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 Connect with Mi'kmaw Moons

Tantallon Public Library 

 Saturday, 27 September 10:30–11:30 a.m.

all ages, family event

How did the Mi'kmaq note the passage of time using the cycle of the Moon and natural events such as the running of maple sap and the croaking of the frogs? Youngsters will enjoy a turtle-rattle craft while the others learn how to recognize lunar features. We will wrap up with a Mi’kmaw friendship chant. Join your hosts Cathy LeBlanc of Acadia First Nation and Dave Chapman of the Royal Astronomical Society of Canada.

More information on the project:

This presentation—prepared for children and adults—is part of an ongoing project by Cathy and Dave to investigate the traditional time-keeping customs of the Mi’kmaw nation, before contact with Europeans. Much of this knowledge—handed down by oral tradition—has been lost over the ensuing four centuries. Today, thanks to research by Cheryl Bartlett and others at Cape Breton University, the names of the moon-times have been resurrected and applied to the 12 months of the Gregorian Calendar—but there is more to the story! Twelve synodic months of 29.5 days (Full Moon to Full Moon) only adds up to 354 days, 11 days short of a solar year. Each year, the Moon phases occur about 11 days earlier than the last. This is not a problem in itself, but for one fact: most of the 12 Mi’kmaw moon names refer to seasonally specific environmental events, such as the running of the maple sap, frogs croaking, moose calling, and so on. If one simply applied the 12 names in succession, by rote, the moon names would quickly become out of synchronization with the seasons.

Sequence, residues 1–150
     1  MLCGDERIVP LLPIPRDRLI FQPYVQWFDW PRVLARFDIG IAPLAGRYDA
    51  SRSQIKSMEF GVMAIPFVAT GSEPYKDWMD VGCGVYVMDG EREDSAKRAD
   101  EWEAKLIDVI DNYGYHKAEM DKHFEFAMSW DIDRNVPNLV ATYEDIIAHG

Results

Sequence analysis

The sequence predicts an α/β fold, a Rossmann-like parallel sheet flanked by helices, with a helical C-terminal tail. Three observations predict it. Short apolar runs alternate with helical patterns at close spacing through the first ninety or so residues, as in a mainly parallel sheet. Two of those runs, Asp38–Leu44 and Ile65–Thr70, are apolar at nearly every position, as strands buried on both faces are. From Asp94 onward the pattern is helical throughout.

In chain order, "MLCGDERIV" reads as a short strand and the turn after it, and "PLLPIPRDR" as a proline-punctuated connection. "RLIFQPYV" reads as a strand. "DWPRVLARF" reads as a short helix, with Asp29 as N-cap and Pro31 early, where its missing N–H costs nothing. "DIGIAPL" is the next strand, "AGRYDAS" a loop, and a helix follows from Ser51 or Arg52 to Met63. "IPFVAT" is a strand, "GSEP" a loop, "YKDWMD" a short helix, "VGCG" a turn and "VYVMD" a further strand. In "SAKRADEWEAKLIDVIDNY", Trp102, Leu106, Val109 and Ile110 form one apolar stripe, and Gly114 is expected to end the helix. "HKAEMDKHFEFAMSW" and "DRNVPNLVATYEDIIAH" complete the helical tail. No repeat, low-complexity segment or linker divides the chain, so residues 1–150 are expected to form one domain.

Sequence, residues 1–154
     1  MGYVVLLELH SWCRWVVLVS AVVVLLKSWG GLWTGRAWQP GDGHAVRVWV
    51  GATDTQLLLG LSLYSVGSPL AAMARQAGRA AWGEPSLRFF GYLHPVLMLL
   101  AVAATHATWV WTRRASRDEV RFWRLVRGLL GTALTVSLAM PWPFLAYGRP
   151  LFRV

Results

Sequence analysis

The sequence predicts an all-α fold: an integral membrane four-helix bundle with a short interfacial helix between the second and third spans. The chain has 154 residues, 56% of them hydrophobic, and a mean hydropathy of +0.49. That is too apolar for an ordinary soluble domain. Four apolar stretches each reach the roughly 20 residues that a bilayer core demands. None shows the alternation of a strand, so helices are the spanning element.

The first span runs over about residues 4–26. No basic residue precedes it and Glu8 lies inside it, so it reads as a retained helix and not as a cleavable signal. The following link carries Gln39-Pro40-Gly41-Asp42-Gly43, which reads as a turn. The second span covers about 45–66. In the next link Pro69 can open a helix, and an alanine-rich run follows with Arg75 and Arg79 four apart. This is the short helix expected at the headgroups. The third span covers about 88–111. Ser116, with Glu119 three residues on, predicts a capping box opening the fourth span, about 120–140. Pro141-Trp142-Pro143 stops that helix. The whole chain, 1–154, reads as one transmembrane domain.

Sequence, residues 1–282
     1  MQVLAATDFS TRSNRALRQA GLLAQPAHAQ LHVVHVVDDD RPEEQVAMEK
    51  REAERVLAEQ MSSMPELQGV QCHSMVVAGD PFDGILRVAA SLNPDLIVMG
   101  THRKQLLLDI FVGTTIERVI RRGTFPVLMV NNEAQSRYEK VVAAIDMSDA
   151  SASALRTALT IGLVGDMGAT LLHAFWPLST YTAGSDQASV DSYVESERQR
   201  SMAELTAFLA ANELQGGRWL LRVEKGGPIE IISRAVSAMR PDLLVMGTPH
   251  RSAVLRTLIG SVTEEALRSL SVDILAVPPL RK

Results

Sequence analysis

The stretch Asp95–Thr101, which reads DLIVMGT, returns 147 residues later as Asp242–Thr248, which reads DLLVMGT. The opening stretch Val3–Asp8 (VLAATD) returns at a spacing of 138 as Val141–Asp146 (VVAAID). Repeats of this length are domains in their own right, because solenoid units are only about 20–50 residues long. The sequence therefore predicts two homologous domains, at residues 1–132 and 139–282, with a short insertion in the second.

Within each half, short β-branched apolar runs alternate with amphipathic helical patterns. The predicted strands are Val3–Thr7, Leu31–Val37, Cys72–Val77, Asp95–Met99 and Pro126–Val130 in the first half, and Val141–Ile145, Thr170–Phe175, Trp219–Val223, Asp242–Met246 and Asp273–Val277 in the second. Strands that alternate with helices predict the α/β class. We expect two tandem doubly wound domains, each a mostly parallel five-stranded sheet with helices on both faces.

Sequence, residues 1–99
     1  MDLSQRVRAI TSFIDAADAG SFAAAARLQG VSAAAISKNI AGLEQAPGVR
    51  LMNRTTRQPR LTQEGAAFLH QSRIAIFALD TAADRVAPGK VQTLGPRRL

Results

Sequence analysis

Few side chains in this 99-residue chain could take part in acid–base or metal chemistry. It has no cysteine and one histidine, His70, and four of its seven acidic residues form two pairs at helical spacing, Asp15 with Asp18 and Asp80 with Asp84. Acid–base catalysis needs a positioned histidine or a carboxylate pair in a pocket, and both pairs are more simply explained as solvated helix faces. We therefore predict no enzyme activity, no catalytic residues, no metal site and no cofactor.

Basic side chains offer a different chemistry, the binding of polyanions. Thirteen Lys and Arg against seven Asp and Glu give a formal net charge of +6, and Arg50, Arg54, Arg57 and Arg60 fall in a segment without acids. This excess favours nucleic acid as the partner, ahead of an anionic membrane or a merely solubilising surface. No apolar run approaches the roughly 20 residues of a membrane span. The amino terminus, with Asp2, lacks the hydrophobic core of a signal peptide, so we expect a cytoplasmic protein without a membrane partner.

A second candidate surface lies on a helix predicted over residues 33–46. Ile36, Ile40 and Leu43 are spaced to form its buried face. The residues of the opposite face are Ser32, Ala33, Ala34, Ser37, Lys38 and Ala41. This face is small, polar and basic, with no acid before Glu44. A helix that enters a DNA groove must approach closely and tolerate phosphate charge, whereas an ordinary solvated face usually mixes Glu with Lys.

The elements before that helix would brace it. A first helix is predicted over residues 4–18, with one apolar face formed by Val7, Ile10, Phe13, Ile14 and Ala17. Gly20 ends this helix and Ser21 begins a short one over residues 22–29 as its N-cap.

It is as if the lunar clock is ticking faster than the solar clock. This problem occurs throughout the world, and the typical solution is to insert a 13th moon name every two or three years, to keep moons in line with the Sun. These luni-solar calendars are widespread, and there is reference to them in the anthropological literature,specifically in relation to the North American aboriginals.



Last Updated ( Saturday, 20 September 2014 15:35 )
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